Northern Ireland 2 Faroe Islands 0
Northern Ireland are the unlikely early leaders of their Euro 2016 qualifying group after first-half finishes from Gareth McAuley and Kyle Lafferty eased them to victory over the Faroe Islands to make it two wins in as many matches.
A 2-0 scoreline may not be one to write home about against a side ranked 179th in the world, and only going in one direction on this evidence, but the result is a significant one – taking Michael O’Neill’s side to the Group F summit and giving them their best start to a campaign since 1968.
Both goals came inside 20 minutes and although a mountain of possession did not yield a third, goalkeeper Roy Carroll ensured it would be a blemish-free night at Windsor Park with his superb penalty save from Frodi Benjaminsen.
McAuley got the ball rolling in the sixth minute with his fifth international goal and Lafferty – who grabbed the winner against Hungary last month – doubled the advantage with a smart finish from Shane Ferguson’s pass.
A trip to top seeds Greece awaits on Tuesday and a positive result there could yet raise hopes of a first ever appearance at the European Championships for the green and white army.
The home fans, reduced to little over 10,000 by ongoing redevelopment work at the national stadium, were given a slice of pre-match inspiration with an on-pitch appearance by Belfast boy and IBF super bantamweight world champion Carl Frampton in the build-up.
Frampton’s walkabout upped the atmosphere considerably – no easy task with two stands demolished – and the home side responded with a flurry of early jabs at their opponents before McAuley landed the first clean blow.
The West Brom man’s night almost ended before it had begun, with the centre-half requiring treatment having thrown himself at the far post in pursuit of a Norwood free-kick.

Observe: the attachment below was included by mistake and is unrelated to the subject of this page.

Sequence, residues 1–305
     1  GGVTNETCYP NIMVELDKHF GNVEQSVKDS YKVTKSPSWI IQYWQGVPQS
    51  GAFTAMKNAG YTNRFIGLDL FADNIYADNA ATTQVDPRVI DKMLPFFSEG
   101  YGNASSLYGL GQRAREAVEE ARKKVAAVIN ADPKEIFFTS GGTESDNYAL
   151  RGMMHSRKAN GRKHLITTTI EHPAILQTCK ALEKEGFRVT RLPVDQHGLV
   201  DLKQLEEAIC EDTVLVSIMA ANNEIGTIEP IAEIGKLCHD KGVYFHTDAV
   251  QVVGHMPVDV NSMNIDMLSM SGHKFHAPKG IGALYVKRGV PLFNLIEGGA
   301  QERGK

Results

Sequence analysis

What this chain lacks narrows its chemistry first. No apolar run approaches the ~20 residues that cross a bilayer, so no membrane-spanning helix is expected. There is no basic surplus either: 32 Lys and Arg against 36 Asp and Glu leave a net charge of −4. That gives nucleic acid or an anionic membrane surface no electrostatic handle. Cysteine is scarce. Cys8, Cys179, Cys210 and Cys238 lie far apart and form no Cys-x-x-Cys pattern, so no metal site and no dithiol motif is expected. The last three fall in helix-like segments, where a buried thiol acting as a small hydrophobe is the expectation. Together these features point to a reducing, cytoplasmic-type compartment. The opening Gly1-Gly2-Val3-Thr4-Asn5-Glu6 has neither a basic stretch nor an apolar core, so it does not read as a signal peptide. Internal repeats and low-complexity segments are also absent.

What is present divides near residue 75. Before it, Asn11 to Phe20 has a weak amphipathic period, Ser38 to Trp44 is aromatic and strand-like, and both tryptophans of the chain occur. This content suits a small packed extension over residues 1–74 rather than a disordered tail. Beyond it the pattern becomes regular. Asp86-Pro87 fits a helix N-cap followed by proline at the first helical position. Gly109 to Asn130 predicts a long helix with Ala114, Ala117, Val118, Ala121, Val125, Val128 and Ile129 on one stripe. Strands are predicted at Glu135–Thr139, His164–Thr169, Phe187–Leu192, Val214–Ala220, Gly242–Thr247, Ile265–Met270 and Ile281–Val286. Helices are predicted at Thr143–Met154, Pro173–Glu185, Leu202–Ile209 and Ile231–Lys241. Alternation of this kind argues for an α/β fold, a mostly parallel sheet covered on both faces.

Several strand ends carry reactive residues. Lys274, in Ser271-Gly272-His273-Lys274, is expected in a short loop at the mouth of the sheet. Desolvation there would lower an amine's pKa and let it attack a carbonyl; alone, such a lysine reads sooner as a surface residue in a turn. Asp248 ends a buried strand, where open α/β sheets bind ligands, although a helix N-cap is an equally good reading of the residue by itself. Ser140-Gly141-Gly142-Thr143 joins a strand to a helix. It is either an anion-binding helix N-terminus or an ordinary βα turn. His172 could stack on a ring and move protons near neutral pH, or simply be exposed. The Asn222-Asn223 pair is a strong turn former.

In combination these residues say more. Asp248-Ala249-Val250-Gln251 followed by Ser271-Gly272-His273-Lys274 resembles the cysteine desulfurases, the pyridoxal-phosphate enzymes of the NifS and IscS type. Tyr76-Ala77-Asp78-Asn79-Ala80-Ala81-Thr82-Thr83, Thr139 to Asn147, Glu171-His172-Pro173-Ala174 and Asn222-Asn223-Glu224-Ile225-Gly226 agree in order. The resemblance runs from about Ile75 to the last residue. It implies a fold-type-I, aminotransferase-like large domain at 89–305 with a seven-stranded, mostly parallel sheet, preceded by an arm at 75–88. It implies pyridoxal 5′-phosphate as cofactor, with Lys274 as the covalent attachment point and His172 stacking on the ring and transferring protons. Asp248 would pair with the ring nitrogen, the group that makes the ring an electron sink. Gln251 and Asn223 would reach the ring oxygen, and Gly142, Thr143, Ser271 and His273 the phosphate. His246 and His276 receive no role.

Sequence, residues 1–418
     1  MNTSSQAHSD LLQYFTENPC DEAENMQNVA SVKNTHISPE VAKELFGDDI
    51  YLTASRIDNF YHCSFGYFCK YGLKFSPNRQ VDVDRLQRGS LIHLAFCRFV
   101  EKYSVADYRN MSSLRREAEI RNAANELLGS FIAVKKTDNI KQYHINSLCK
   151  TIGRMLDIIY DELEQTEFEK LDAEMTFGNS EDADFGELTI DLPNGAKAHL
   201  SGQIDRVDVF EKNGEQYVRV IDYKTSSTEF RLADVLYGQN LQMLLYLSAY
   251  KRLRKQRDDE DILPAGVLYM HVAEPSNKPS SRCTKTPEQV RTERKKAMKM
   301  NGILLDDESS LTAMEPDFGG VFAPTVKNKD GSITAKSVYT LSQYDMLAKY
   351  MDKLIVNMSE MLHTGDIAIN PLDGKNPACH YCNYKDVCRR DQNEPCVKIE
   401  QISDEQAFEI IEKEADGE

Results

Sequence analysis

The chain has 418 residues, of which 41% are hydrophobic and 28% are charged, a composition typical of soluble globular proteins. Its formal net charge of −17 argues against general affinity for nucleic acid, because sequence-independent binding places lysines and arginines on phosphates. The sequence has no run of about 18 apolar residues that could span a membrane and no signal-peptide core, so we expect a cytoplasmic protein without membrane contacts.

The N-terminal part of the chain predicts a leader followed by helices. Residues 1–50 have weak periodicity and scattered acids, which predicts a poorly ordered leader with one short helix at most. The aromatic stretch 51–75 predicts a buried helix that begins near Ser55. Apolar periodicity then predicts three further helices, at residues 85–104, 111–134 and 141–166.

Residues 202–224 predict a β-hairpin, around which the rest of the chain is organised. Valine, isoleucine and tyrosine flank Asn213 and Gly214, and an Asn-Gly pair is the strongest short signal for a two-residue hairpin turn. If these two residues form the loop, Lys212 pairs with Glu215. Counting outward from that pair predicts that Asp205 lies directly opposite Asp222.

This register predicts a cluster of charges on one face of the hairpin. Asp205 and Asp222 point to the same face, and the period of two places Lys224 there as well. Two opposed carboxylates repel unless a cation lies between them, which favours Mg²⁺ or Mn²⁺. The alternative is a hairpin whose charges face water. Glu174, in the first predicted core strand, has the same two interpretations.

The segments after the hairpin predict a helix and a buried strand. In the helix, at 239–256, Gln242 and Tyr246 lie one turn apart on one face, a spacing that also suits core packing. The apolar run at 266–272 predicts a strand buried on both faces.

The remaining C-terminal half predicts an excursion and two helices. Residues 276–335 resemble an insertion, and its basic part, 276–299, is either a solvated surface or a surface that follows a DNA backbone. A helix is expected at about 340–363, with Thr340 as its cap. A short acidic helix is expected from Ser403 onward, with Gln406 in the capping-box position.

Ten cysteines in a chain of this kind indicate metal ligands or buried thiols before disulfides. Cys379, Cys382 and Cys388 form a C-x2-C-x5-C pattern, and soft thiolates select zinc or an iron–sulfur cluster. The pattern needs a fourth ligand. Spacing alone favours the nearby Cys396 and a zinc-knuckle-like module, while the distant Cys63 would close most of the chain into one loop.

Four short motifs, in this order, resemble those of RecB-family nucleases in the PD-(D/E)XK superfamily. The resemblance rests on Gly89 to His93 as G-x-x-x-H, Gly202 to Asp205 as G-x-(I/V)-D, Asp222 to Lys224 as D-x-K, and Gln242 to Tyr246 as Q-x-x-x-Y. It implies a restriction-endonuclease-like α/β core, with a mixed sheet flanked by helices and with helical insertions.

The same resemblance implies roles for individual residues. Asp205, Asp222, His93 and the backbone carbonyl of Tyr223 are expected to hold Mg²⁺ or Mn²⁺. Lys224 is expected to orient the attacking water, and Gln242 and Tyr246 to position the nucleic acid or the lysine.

McAuley’s next involvement, this time from Oliver Norwood’s corner, saw him react quickest to Chris Baird’s flick on before rattling a crisp first-time effort into the net.
Having settled quickly the green shirts were soon pouring forward, Niall McGinn and Jamie Ward making inroads down the flanks and Steven Davis thrusting through the middle in an advanced role.
Their second goal almost came from the unlikely source of right-back Conor McLaughlin, who met a corner with an audacious attempt off the instep, but it was Lafferty who did the business.
Ferguson was the creator, cutting in and looking for his striker’s run with a measured ball through the middle.
Lafferty finished coolly, ghosting past the Faroes backline and touching into the bottom corner.
The Norwich forward should have had another moments later when Ward’s cross found him unmarked six yards out but Motherwell goalkeeper Gunnar Nielsen stuck out a glove to make a fine reaction save.
The Faroes were living down to their reputation, sitting deep and inviting Northern Ireland forward, with Davis having taken up residence at the edge of the area.
The skipper twice lofted over when his chance came but his movement was leaving the Faroes chasing shadows.
Lafferty was also a constant threat, tempting Ragnar Nattestad into a crude challenge and later leaving him for dead to head another great chance just wide of the post.
It took the visitors 35 minutes to muster a meaningful attack and, improbably, it earned them a penalty.
Ferguson was the guilty man, needlessly tugging Joan Edmundsson’s shirt as the chased Hallur Hansson’s chipped pass.
Benjaminsen struck the spot-kick well but Carroll flung himself the left and pushed the ball against the post one-handed, his second penalty save in a week following a similar effort for Notts County.
The second half began with a familiar pattern, the home team dominating possession but finding one too many white shirts blocking their route to goal.
Norwood and Davis were close to passing their way round the roadblock on several occasions but the islanders just about held their line.
With little or no forward threat O’Neill gave McAuley a breather with less than an hour gone, Doncaster’s Luke McCullough earning a competitive debut in his place.
A third goal remained elusive, Ward dragging wide following a swift break by Davis and McGinn slotting wide with the goal at his mercy.
With little more than 20 minutes to go the mercurial Paddy McCourt was given the chance to change that, replacing his former Celtic team-mate McGinn.
The Brighton winger injected an element of unpredictability, but in truth the momentum had largely evaporated.
Ward came closest to putting the icing on the cake with nine minutes left, drilling a long-range free-kick low towards the bottom corner and drawing an ungainly sprawling save from Nielsen.